First is the K-matrix of contrast results, which in this instance contains four results. L1 column 1 is a test on the difference between (XaYa minus XbYa) for group 1 and (XaYa minus XbYa) for group 2; L1 column 2 is a test on (XaYa minus XcYa) for group 1 and (XaYa minus XcYa) for group 2. L2 is the same as L1 except the comparison is between groups 1 and 3. In other words these are tests on the relative size of selected pairwise comparisons.

Second is a multivariate test result, which is a test on the interaction X_within*group at Y=a. The above syntax can therefore be generalized to find any of the simple interaction effects involving one-within and one between-Ss factor at fixed levels of the other within-Ss factor, i.e., 1-6 from the beginning.

Finally are two univariate test results, which (I think) are a test of the simple interaction effect of between group and Xa/Xb at Ya, and between group and Xa/Xc at Ya, respectively.


(vi.) The last combination of /MMATRIX and /LMATRIX needed to solve for simple interaction effects 7-9 (involving two within-Ss factors at fixed levels of the between-Ss factor) requires three different /LMATRIX subcommands to fix the level of the between-subjects factor group:

  /LMATRIX 'interaction X_within*Y_within at G=1' 
	Intercept 1 group 1 0 0
  /LMATRIX 'interaction X_within*Y_within at G=2'
	Intercept 1 group 0 1 0
  /LMATRIX 'interaction X_within*Y_within at G=3'
	Intercept 1 group 0 0 1

Note that these are *not* pooled. To get the interaction of the two within factors X and Y use:

  /MMATRIX 'pooled X_within and Y_within differences'
	all 1 -1 0 -1 1 0 0 0 0;
	all 1 0 -1 0 0 0 -1 0 1

Here these are pooled over the two linearly independent possibilities: the interaction of 1 and 2, and of 1 and 3. The third, the interaction of levels 2 and 3, is omitted because it is redundant.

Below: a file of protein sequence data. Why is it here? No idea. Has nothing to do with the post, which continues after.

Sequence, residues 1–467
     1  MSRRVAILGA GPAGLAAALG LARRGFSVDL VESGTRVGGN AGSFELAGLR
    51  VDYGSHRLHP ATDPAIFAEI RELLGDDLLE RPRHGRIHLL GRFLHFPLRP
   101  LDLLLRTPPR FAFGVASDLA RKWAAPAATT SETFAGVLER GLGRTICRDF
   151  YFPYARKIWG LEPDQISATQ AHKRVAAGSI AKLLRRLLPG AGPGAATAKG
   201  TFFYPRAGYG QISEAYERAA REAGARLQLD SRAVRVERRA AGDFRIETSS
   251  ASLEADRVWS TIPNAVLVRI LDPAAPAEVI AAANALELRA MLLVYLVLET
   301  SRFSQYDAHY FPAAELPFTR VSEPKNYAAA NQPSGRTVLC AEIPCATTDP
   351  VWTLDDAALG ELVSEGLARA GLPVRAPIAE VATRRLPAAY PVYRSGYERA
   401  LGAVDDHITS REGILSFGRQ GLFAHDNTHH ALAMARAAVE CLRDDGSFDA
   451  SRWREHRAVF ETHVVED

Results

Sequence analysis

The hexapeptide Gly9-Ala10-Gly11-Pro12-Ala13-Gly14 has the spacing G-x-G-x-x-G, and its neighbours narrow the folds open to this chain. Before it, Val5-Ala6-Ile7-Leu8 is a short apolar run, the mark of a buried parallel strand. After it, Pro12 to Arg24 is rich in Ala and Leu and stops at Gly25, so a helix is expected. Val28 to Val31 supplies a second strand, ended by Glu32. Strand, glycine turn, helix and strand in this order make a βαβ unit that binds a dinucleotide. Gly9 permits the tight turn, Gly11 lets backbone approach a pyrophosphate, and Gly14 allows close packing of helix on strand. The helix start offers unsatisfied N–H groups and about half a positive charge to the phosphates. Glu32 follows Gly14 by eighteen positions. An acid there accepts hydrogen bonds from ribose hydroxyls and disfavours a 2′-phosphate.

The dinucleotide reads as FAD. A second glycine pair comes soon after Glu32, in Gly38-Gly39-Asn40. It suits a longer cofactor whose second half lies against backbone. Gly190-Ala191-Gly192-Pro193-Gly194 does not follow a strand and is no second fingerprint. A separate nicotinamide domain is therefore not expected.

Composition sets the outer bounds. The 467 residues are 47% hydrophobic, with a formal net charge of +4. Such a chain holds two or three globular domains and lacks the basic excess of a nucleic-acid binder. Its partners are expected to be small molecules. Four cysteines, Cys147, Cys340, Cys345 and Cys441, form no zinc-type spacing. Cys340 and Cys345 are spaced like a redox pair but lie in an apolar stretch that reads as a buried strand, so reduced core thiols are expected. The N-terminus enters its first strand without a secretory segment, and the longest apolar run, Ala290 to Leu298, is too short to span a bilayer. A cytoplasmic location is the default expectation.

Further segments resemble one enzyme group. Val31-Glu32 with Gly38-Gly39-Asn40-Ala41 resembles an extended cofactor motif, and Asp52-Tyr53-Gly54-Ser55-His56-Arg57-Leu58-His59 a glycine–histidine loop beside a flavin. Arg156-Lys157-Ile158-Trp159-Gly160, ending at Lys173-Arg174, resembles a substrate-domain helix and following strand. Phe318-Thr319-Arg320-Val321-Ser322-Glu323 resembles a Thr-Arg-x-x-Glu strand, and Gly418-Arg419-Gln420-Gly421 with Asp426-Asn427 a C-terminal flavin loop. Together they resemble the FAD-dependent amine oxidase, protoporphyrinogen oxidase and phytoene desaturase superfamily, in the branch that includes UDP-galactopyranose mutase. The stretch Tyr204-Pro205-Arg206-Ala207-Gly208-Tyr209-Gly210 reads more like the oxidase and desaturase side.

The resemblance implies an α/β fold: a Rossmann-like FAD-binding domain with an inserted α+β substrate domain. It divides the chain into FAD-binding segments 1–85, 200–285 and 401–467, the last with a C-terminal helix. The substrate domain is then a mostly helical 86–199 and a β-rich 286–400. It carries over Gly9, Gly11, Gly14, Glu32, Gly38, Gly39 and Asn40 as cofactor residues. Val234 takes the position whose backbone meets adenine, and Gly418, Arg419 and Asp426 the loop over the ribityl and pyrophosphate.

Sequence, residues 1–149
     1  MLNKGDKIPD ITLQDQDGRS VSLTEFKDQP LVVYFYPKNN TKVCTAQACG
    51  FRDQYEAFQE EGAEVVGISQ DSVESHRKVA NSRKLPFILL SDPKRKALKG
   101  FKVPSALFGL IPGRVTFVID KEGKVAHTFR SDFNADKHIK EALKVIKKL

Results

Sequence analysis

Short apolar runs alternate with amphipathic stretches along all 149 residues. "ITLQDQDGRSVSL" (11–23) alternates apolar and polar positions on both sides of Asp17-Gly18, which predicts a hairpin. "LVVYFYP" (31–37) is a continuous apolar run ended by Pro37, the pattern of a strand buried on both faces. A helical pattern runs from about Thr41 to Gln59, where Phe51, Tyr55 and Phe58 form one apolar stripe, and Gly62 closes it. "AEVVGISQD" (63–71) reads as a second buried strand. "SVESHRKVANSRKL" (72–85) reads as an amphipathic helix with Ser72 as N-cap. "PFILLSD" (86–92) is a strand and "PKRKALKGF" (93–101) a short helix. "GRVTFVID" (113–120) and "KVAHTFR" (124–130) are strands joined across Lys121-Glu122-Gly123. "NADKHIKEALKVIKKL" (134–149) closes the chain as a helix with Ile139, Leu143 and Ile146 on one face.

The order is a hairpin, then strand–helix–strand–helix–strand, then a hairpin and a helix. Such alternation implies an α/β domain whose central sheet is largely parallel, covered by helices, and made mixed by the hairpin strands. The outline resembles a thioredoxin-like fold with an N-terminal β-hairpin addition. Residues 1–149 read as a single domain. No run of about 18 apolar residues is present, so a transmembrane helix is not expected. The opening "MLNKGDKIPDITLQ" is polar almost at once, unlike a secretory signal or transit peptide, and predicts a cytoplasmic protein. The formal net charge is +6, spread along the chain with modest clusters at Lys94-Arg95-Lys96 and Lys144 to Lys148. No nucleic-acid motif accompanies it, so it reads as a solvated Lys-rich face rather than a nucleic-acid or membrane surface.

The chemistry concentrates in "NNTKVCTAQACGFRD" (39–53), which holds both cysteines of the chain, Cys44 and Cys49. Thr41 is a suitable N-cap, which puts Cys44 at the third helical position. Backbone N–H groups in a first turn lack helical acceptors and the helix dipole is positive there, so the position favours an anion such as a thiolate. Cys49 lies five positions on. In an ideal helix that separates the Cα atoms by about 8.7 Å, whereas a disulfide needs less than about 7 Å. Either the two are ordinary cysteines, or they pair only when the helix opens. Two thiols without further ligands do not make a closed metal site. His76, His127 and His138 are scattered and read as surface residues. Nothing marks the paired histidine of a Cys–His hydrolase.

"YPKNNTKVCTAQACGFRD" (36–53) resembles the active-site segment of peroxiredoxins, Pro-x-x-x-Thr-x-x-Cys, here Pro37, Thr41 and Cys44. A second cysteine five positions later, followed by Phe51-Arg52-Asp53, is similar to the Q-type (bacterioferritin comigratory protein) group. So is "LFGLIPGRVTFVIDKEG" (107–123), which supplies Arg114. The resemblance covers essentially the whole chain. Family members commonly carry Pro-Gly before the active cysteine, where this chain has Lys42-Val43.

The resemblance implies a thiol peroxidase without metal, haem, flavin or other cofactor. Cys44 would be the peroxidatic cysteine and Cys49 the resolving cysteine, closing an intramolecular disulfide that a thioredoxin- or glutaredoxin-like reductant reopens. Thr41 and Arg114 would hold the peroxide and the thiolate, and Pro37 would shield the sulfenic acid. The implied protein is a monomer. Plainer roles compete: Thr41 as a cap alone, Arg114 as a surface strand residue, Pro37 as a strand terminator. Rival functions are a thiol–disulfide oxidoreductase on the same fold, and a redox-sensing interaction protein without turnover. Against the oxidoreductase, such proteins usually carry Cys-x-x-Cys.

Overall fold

This produces three multivariate results, one for each level of G for the simple interaction effect of X_within*Y_within. There are also three pairs of univariate results: I think the first is a test of the simple interaction effect of Xa/Xb * Ya/Yb at the relevant level of group; the second is a test of the simple interaction effect of Xa/Xc *Ya/Yc at the relevant level of group.


(vii.) If there is more than one between-Ss factor then the /LMATRIX subcommand can be adjusted accordingly. For example, if I have two between-Ss factors (sex [two levels] and condition [2 levels]) and two within-Ss factors (X_within and Y_within as above) and am interested in the simple interaction effect of sex*condition*X_within at each level of Y_within, my syntax will look like:

  /LMATRIX 'interaction sex*condition*X_within at Y=a'
	sex*condition 1 -1 -1 1;
  /MMATRIX 'Pooled X_within difference at Y=a'
        XaYa 1  XbYa -1 XcYa 0;
        XaYa 1  XbYa 0  XcYa -1

If in the same situation I were interested in the simple interaction effect of sex*X_within at each level of Y_within (i.e., I am not interested in variation with condition), I will still need to include higher order terms involving the between-Ss factors of interest in my /LMATRIX subcommand; to complicate matters the coefficients in the higher order effect need to add up to the coefficients in the lower order effect, so decimal or fractional values are needed, viz.:

  /LMATRIX 'interaction sex*X_within at Y=a'
	sex 1 -1 sex*condition .5 -.5 .5 -.5
  /MMATRIX 'Pooled X_within difference at Y=a'
        XaYa 1  XbYa -1 XcYa 0;
        XaYa 1  XbYa 0  XcYa -1

Nicholas Gibson

--
Psychology and Religion Research Programme
Faculty of Divinity, University of Cambridge
West Road, Cambridge, CB3 9BS, UK

tel +44 (0)1223 763010 fax +44 (0)1223 763003
www.divinity.cam.ac.uk/pcp/personnel/nicholas.html